John A. Muether
The Church: One, Holy, Catholic, and Apostolic, by Richard D. Phillips, Philip G. Ryken, and Mark E. Dever. Phillipsburg, NJ: P&R, 2004, xi +146 pages, $9.99, paper.
Awash as we are with books that (1) claim the church today is in crisis and (2) prescribe the means for its reinvention, it is easy to overlook this modest collection of essays. Based on addresses delivered at a 2003 meeting of the Philadelphia Conference on Reformed Theology, this review of the attributes of the church, as confessed in the Nicene Creed, is well suited for a short adult Sunday school series.
The authors concede that the contemporary church, by schisms rent asunder and by heresies distressed, rarely shines in its unity, holiness, catholicity, and apostolicity. But Philip Ryken reminds us that to confess that “we believe in the one, holy, catholic and apostolic church” is to acknowledge that the church and her attributes are articles of faith. Often defying empirical evidence, unity, holiness, catholicity, and apostolicity are at once gifts with which the Spirit of Christ has endowed the church and goals to which we are called to aspire.
Ordained Servant readers might be tempted to dismiss the treatment on the catholicity of the church, because it comes from a Baptist contributor, Mark Dever, who pastors Capitol Hill Baptist Church in Washington, DC. But they should resist that temptation. Dever is that rare breed of “high church” Baptist (in the best sense of that term), and many Presbyterians would be better Presbyterians if they read more from his pen. Here he demonstrates that catholicity is a rich and robust term; “universal” does not serve as an adequate synonym. (Which suggests that “catholic church” should replace “global church” in our vocabulary.) Dever writes that catholicity means that “each Christian has concern for all other Christians elsewhere.” This claim has more significance than we realize. Concern for other Christians extends to reforming them, and so commending the Reformed faith is an act of catholicity. Proclaiming the doctrines of sovereign grace from our pulpits, honoring the sanctity of the Lord’s Day, catechizing our children in the Reformed faith—in these and other practices we are witnessing both to a watching world and to other Christians. This is not sectarian isolationism; it is Reformed catholicity.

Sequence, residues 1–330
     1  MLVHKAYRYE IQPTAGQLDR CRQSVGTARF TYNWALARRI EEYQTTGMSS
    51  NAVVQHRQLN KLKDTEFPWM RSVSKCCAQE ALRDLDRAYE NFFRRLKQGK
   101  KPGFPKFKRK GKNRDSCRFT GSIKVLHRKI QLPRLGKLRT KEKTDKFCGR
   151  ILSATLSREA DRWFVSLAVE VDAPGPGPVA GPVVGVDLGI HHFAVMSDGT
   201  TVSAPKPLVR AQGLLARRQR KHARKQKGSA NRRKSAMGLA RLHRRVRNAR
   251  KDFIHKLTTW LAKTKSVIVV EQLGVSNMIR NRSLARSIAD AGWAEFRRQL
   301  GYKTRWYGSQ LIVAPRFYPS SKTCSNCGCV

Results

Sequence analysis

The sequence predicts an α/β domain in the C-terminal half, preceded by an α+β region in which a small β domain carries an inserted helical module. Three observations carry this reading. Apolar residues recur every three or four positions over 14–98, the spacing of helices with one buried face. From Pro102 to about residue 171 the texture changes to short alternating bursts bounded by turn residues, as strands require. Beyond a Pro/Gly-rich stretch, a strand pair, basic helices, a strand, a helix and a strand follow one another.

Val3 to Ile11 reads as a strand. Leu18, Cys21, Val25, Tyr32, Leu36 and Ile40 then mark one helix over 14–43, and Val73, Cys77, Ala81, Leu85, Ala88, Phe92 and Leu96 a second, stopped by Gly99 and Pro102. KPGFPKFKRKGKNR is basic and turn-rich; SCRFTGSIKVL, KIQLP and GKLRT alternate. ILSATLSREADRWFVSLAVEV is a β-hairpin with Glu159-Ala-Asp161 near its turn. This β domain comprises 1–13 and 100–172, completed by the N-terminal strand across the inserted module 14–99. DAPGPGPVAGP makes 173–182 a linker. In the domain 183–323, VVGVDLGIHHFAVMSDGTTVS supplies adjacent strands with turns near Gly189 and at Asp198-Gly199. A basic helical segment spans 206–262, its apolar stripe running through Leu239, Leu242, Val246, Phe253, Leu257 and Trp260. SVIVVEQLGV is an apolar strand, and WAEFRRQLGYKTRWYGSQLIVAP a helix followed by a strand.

A book of this size will inevitably frustrate a reader who wants to see themes further developed. I wished for greater reflection on the value of church discipline in reinforcing the attributes of the church. And Phillips’s plea for an “evangelical unity” based on unspecified “essentials” seems to diminish the function of confessions in defining our unity. Still the authors write with clarity and succinctness, as, for example, in drawing helpful distinctions between catholic and Roman Catholic (the latter literally being a contradiction in terms) and in explaining why apostolicity demands neither apostolic succession nor the continuation of apostolic gifts. This refresher course serves to remind us of why we can and should continue to recite the Nicene Creed in public worship.
In the framing of the book, the four attributes receive a chapter apiece, sandwiched between an introduction and a conclusion. This is fitting as it allows Christ to have the first and last word in this discussion of the church. In the introduction, Phillips ties Christ’s “great promise” (“I will build my church”) to the “great principle” of the church that immediately follows in Matthew 16: “From that time Jesus began to show his disciples that he must go to Jerusalem and suffer many things from the elders and chief priests, and be killed, and on the third day be raised” (v. 21). Here is an insight that is universally absent in new recipes for the church: the path for the church is the way of the cross. In its weakness it proclaims the power of God unto salvation, and in its suffering the church maintains its one, holy, catholic, and apostolic witness.
John R. Muether is a ruling elder at Reformation Orthodox Presbyterian Church, Oviedo, Florida, and the historian for the Orthodox Presbyterian Church. Ordained Servant Online, June/July 2013.